Cairo Airport customs officers thwart attempt to smuggle drugs into Egypt


Concerns grow over ‘humanitarian tragedy’ of desperate Palestinian migrants lost at sea

Dozens of desperate Palestinians who embark on illegal and dangerous boat journeys to Europe in search of a better life continue to lose their lives in tragedies at sea, according to officials, causing anguish for grieving loved ones at home.

They leave their homes in the hope of finding better job opportunities and improved living conditions. However, some drown and others are detained by coast guards when they arrive at their destinations. In the end, many who survive are sent back to where they came from.

Ahmad Al-Deek, a political adviser to the Palestinian foreign minister, told Arabian Weekly that those who embark on dangerous journeys in attempt to reach the shores of Greece pay smugglers between $7,000 and $10,000 to carry them there in old, overloaded, rickety boats that are unfit to sail. Some of the migrants are from the Gaza Strip, others are Palestinians from Syria and Lebanon

Boats designed to carry about 10 passengers can be loaded up with as many as 40 or 50 people, which is a major factor in the risk of capsizing and sinking, he said. In some cases the boats, most of which depart from Turkey or Libya, are deliberately sunk by smuggling gangs over disputes, he added.

“Organized gangs of human trafficking and human organs (smugglers) are behind this humanitarian tragedy, and we are working to make it a Palestinian public opinion issue so that families prevent their children from taking up these journeys of death,” Al-Deek said.

Losses of boats are often not discovered for days because they are kept secret by the smugglers, who extort money from their desperate passengers and, according to testimonies from their victims, threaten them and sometimes beat and abuse them. They are particularly cruel when they are intercepted by Greek security patrols, Al-Deek added.

He said he has established a special department in the Foreign Ministry that is tasked with gathering information about Palestinians missing at sea, and communicating with their families and Palestinian embassies, authorities and coast guards in the countries where drowning incidents occur.

The department also works with Palestinian intelligence agencies to determine the number of victims and identify the gangs responsible for tragedies. It contacts survivors who have been detained or are in shelters and updates their families about their conditions, and helps relatives of the dead to have the bodies of loved ones repatriated.

Sources from the governing Hamas authority in Gaza say that the number of Palestinians who have drowned in perilous sea journeys in the past five years could be about 40. Other sources say the true number might be as high as 360.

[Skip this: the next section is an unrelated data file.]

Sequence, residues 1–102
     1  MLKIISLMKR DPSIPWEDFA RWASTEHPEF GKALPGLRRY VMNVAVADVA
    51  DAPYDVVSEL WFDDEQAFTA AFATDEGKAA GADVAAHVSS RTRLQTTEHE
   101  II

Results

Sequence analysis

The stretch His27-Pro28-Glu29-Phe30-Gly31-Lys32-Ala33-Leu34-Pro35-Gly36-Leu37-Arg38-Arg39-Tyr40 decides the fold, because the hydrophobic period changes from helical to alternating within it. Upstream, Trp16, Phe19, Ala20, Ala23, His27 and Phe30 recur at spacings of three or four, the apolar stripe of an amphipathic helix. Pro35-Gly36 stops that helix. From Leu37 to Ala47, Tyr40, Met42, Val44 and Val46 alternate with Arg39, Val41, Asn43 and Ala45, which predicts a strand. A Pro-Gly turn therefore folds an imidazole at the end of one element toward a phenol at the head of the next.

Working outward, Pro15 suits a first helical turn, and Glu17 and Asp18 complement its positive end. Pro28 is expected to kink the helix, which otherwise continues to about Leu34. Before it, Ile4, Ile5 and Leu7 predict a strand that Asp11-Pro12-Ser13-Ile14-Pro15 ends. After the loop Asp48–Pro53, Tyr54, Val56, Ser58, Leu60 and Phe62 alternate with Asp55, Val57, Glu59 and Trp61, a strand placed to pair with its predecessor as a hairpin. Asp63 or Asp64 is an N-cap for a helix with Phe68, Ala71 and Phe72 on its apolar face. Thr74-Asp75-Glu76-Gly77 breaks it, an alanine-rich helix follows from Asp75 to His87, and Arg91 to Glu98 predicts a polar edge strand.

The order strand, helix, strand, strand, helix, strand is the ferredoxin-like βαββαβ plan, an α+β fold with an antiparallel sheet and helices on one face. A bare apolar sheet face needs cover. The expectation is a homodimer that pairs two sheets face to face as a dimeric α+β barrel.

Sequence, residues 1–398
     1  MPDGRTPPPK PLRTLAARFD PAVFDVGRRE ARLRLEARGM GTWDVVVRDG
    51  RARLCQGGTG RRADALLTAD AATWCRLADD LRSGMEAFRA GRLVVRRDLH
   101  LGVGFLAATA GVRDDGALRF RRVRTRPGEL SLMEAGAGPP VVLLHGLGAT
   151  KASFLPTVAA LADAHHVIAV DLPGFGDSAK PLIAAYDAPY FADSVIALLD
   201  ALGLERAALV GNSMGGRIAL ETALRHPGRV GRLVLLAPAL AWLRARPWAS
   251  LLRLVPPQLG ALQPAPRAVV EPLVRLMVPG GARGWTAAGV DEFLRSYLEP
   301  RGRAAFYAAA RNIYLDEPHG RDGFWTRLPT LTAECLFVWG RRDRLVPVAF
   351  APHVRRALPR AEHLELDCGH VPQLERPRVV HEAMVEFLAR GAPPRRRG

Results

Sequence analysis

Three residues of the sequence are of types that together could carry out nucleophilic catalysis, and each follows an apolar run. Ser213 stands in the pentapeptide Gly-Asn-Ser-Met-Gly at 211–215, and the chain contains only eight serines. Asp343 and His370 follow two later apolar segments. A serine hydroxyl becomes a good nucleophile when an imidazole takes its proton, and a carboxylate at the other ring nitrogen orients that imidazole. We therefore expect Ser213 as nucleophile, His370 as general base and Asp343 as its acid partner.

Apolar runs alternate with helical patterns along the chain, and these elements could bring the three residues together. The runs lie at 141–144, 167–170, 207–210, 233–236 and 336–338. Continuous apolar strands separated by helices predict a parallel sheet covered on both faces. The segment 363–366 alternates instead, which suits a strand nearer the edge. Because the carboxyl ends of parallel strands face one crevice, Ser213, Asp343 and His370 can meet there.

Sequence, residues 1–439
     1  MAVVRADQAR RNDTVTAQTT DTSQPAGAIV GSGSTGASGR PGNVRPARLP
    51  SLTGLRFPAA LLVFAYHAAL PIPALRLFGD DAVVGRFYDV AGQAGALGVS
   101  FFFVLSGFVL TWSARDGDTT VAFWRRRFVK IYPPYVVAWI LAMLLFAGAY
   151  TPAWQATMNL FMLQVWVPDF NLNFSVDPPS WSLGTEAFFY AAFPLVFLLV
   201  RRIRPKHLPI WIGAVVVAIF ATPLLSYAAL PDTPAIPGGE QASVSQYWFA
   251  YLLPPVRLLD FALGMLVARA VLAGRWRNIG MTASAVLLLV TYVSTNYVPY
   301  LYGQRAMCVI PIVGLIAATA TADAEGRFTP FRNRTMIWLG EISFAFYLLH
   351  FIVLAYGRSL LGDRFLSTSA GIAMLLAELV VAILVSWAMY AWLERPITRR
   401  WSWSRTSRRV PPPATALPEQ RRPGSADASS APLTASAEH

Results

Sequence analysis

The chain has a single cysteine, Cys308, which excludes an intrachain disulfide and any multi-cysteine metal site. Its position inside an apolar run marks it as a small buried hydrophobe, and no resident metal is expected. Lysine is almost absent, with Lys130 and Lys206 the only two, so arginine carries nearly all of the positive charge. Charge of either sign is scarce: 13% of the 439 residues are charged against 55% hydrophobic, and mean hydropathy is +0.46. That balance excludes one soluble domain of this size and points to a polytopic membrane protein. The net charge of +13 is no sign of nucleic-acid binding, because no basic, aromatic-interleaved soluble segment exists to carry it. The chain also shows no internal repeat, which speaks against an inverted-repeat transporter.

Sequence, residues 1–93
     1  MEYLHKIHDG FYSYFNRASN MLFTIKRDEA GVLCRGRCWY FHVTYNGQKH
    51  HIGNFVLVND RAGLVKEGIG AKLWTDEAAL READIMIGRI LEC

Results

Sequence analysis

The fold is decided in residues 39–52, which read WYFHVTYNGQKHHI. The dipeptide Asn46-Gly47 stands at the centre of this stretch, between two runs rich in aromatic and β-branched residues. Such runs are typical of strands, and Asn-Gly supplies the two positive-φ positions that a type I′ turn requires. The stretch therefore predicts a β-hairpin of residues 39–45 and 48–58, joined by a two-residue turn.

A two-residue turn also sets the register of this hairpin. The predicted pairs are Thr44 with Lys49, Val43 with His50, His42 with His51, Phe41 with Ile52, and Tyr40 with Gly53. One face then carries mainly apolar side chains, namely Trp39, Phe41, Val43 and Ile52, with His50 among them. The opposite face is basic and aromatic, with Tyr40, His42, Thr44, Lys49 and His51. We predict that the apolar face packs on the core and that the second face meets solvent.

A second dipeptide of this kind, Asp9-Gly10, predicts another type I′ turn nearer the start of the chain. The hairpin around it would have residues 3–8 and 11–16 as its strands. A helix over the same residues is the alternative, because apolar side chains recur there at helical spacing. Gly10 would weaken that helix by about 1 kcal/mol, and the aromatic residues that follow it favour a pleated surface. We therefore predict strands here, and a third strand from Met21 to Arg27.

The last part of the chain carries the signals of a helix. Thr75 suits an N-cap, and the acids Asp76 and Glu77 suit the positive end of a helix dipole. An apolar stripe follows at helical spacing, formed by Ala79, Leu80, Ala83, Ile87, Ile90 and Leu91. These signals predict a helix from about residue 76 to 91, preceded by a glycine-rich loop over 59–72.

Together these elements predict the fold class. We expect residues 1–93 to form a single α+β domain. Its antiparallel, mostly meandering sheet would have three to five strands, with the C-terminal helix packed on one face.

Mukhaimer Abu Saada, a professor of political science at Al-Azhar University in Gaza, told Arabian Weekly that economic pressures, resulting from a high unemployment rate and lack of job opportunities for university graduates in the Gaza Strip, drive young people in their twenties to consider the risky sea crossings in search of a better life.

“The unemployment rate among youth in the Gaza Strip has reached 45 percent, and among university graduates 65 percent,” he said. “Most of the government jobs in Gaza have been taken up by members of the Hamas movement.”

The UN Relief and Works Agency for Palestine Refugees in the Near East, which is considered the second-biggest employer after Hamas, has reduced its staffing levels and is now only offering contractor jobs, he added.

Meanwhile, the Palestinian Authority stopped employing university graduates from Gaza in 2007 and the process for obtaining permits to work in Israel are complicated, said Abu Saada.

Two million people live in Gaza Strip, which has been under a comprehensive Israeli blockade since 2006.

Bassim Naiem, head of the Hamas political department in Gaza, told Arabian Weekly that his organization is working to educate citizens, through Friday sermons in mosques and radio and television talk shows, not to consider illegal migrant journeys, and is asking many Arab and non-Arab countries to absorb graduates of universities in the Gaza Strip by offering them jobs.

Hardly a week goes by without a boat carrying Palestinian migrants from the shores of Libya, Tunisia or Turkey sinking, claiming several lives, Palestinian sources told Arabian Weekly, citing survivors who said that greedy smugglers use unsuitable rubber boats with only one engine and no captain, and carry at least double the permitted number of passengers.

They provide one of the passengers with minimal training in how to navigate and steer the boat, the sources said, but because this person does not know the correct procedures for sailing and how to deal with waves and other dangers, tragedies often occur.

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